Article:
I wish not to keep you from other duties, but I feel as President and also past Chief of our Dept. I needed to voice my opinion on this matter. I await a reply that is not just your form letter you send to all Dept's. I wish to hear straight from the horses [sic] mouth what we need to do to be more competitive in these Proceedings.

Exhibit 2 to Plaintiff's Affidavit in Opposition to Defendant's Motion for Summary Judgment. Although the letter was not approved by the Board of the Beaver Dams Fire Co., Inc., McClernon signed the letter as President of Beaver Dams Fire Company.*fn1

In addition to its intended recipients, The McClernon letter found its way to the Chiefs of the Fire Departments that McClernon had referenced in the letter. Although McClernon had not specified the name of the fire department that had recently received funds for a truck that it "didn't need," it was widely known that the letter referred to the Montour Falls Fire Department. Similarly, it was known that the fire department that was believed to have "misappropriated funds" was the North Corning Volunteer Fire Department.

Upon receipt of the letter, the Chiefs of the two fire departments contacted the Beaver Dams Fire Company to express their displeasure with the accusations made against them by the President of a neighboring Fire Department. See Defendant's Statement of Undisputed Facts at ¶ 8. Thereafter, the Board of Directors of the Fire Company held a special meeting on October 21, 2003 to discuss how to handle the controversy that resulted from McClernon's letter. Because the meeting involved plaintiff's conduct, several board members asked that control of the meeting be given to the Vice President. Plaintiff, however, refused to cede control of the meeting and thereafter the Board voted to appoint the Vice President as the Acting President. The Acting President then excused plaintiff from the meeting, and discussed plaintiff's situation with the Board. The Fire Chief of the North Corning Fire Department expressed his concerns to the Board, and following the meeting, the Board voted to suspend plaintiff from his position pending investigation into the circumstances surrounding the sending of the letter and the consequences resulting from the sending of the letter.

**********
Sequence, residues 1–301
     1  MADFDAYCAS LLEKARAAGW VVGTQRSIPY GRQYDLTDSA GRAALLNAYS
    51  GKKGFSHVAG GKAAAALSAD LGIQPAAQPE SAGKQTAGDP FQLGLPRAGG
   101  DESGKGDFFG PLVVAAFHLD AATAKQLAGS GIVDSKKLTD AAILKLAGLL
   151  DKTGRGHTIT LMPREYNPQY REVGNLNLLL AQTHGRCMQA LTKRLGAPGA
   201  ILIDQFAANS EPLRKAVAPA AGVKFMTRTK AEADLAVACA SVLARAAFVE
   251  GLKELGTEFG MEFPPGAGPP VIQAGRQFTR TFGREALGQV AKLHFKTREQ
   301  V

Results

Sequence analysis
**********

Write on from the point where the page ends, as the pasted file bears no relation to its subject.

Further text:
Upon learning of his suspension, plaintiff allegedly made personal telephone calls to members of the Board, in violation of the Boards standard operating procedures. On October 24, as a result of this conduct, and his conduct at the October 22, 2003 meeting, plaintiff was charged by the Board with Inappropriate Behavior and Harassment.

On November 2, 2003 the Board of the Fire District held a general membership meeting to discuss McClernon's conduct. At McClernon's request, the Board allowed the general membership, by a vote, to determine whether or not he should be disciplined, and, if discipline was to be imposed, the measure of discipline. During the meeting, the membership agreed to conduct further investigation into the letter, but imposed a suspension of approximately 2 ...